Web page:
TWEETSTORM is an occasional feature on decentralize.today where we share threads , mostly from Twitter, that we think deserve a wider audience, some are informative, some educational, some amusing and others yet are controversial...we dig these out for you so you don't have to!
Let’s talk about spam. And let’s do so with the benefit of data, facts, and context…
First, let me state the obvious: spam harms the experience for real people on Twitter, and therefore can harm our business. As such, we are strongly incentivized to detect and remove as much spam as we possibly can, every single day. Anyone who suggests otherwise is just wrong.
Next, spam isn’t just ‘binary’ (human / not human). The most advanced spam campaigns use combinations of coordinated humans + automation. They also compromise real accounts, and then use them to advance their campaign. So – they are sophisticated and hard to catch.
Some final context: fighting spam is incredibly *dynamic*. The adversaries, their goals, and tactics evolve constantly – often in response to our work! You can’t build a set of rules to detect spam today, and hope they will still work tomorrow. They will not.
We suspend over half a million spam accounts every day, usually before any of you even see them on Twitter. We also lock millions of accounts each week that we suspect may be spam – if they can’t pass human verification challenges (captchas, phone verification, etc).
The hard challenge is that many accounts which look fake superficially – are actually real people. And some of the spam accounts which are actually the most dangerous – and cause the most harm to our users – can look totally legitimate on the surface.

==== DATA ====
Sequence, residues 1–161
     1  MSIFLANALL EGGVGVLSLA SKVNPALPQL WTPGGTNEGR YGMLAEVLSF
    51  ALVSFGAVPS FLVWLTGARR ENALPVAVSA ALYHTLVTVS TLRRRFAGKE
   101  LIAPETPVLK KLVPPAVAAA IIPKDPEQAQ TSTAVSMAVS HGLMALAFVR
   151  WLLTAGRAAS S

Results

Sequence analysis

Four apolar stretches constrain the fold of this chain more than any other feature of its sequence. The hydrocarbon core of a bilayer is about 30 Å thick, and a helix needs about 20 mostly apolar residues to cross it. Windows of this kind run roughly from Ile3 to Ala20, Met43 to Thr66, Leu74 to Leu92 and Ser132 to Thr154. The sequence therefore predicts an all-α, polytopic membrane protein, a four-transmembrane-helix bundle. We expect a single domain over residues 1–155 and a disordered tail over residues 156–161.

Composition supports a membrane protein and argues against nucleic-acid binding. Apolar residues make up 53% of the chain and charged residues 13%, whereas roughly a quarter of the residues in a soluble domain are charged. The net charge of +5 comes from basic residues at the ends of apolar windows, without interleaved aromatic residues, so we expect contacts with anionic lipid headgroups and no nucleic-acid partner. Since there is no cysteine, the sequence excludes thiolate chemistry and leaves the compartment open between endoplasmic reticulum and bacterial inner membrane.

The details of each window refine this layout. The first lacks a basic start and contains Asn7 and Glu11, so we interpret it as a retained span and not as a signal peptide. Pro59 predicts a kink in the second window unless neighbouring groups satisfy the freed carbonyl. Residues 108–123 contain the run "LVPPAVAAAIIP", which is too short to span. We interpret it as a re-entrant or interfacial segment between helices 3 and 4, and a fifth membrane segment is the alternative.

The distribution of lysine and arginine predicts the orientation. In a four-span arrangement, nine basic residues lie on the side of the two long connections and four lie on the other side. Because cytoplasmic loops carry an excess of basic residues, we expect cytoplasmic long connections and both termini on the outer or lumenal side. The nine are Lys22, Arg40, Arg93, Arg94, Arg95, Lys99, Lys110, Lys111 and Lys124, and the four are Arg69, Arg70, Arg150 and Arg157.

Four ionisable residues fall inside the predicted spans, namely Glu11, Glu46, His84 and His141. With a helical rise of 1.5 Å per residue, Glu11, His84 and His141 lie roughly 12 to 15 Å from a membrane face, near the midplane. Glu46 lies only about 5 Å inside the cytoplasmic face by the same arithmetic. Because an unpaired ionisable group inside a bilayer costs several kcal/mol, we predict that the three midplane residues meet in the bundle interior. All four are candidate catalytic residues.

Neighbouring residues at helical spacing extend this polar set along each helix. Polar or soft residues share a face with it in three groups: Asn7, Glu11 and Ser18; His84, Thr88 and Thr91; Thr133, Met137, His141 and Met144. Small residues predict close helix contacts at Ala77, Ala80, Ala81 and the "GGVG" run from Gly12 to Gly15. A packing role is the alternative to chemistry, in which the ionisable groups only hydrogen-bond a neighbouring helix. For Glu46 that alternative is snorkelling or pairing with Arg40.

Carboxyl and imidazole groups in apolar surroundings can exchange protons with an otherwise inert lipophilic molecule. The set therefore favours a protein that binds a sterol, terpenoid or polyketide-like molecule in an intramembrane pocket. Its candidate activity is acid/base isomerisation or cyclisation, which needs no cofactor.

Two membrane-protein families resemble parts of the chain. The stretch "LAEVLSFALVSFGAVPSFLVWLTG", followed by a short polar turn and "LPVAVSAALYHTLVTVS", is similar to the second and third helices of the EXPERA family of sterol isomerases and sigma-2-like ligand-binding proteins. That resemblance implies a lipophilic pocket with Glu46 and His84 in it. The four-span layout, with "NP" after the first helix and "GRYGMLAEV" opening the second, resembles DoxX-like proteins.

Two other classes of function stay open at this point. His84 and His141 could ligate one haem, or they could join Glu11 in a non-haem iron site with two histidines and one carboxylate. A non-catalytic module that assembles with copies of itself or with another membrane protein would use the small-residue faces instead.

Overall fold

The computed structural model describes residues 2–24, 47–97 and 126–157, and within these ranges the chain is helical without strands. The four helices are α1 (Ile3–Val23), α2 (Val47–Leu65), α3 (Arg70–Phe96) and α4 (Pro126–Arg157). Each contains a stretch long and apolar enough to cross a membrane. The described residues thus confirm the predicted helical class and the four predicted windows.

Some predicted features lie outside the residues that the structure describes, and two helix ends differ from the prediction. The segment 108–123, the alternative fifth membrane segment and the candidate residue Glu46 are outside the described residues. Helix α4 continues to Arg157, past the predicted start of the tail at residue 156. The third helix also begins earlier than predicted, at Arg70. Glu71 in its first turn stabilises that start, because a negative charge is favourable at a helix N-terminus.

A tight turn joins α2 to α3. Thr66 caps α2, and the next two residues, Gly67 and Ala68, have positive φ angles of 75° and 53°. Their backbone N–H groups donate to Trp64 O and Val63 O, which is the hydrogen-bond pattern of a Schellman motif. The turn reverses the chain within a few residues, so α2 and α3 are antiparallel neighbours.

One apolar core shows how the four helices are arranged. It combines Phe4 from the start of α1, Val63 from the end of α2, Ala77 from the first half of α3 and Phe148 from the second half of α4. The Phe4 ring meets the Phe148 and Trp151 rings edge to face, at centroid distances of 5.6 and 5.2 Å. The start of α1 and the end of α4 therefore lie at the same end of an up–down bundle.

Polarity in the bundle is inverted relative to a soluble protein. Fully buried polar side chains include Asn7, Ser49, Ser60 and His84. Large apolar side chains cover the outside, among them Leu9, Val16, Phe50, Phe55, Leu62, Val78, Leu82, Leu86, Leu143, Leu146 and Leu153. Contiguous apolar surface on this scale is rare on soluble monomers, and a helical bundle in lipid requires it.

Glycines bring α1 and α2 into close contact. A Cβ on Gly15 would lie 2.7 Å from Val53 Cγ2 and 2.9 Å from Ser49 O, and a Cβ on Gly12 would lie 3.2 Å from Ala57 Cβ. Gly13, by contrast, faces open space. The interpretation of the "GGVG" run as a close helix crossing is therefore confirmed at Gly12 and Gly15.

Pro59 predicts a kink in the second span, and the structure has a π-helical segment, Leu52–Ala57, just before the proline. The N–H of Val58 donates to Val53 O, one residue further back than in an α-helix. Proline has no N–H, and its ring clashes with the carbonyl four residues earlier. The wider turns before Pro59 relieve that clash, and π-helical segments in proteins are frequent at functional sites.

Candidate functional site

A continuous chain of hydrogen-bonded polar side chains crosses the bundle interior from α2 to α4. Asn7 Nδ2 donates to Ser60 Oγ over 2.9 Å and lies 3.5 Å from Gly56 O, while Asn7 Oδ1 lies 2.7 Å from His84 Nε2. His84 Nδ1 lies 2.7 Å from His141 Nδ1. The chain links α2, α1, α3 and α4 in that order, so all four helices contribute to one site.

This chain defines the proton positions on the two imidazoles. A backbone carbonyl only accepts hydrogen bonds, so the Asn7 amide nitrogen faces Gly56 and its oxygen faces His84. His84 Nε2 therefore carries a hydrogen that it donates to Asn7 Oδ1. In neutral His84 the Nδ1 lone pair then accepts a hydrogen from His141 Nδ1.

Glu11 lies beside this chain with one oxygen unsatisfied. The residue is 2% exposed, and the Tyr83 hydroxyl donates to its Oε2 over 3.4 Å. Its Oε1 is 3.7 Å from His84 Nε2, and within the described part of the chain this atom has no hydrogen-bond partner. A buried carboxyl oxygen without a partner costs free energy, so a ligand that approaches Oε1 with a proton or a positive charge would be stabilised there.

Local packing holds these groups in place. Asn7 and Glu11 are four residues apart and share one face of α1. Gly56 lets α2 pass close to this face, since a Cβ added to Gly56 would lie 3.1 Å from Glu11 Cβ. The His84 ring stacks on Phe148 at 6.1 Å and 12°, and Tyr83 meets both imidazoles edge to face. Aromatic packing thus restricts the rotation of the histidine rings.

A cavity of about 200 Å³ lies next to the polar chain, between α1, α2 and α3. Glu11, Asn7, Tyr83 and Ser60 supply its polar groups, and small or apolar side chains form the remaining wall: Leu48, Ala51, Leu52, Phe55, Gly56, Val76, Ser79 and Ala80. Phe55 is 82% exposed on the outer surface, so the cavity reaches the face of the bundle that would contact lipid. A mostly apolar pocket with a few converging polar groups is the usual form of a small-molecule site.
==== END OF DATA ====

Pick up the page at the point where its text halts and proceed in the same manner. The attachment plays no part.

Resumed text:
Our team updates our systems and rules constantly to remove as much spam as possible, without inadvertently suspending real people or adding unnecessary friction for real people when they use Twitter: none of us want to solve a captcha every time we use Twitter.
Now, we know we aren’t perfect at catching spam. And so this is why, after all the spam removal I talked about above, we know some still slips through. We measure this internally. And every quarter, we have estimated that <5% of reported mDAU for the quarter are spam accounts.
Our estimate is based on multiple human reviews (in replicate) of thousands of accounts, that are sampled at random, consistently over time, from *accounts we count as mDAUs*. We do this every quarter, and we have been doing this for many years.
Each human review is based on Twitter rules that define spam and platform manipulation, and uses both public and private data (eg, IP address, phone number, geolocation, client/browser signatures, what the account does when it’s active…) to make a determination on each account.
The use of private data is particularly important to avoid misclassifying users who are actually real. FirstnameBunchOfNumbers with no profile pic and odd tweets might seem like a bot or spam to you, but behind the scenes we often see multiple indicators that it’s a real person.
Our actual internal estimates for the last four quarters were all well under 5% – based on the methodology outlined above. The error margins on our estimates give us confidence in our public statements each quarter.
Unfortunately, we don’t believe that this specific estimation can be performed externally, given the critical need to use both public and private information (which we can’t share). Externally, it’s not even possible to know which accounts are counted as mDAUs on any given day.
There are LOTS of details that are very important underneath this high-level description. We shared an overview of the estimation process with Elon a week ago and look forward to continuing the conversation with him, and all of you.
For those of you who want to learn more in the meantime: https://blog.twitter.com/en_us/topics/company/2020/bot-or-nothttps://blog.twitter.com/content/blog-twitter/common-thread/en/topics/stories/2021/four-truths-about-bots.html
Bot or not? The facts about platform manipulation on TwitterGoing back a few years, there’s been a lot of discussion of “bots” online. Over time, however, it’s become a loaded and often misunderstood term.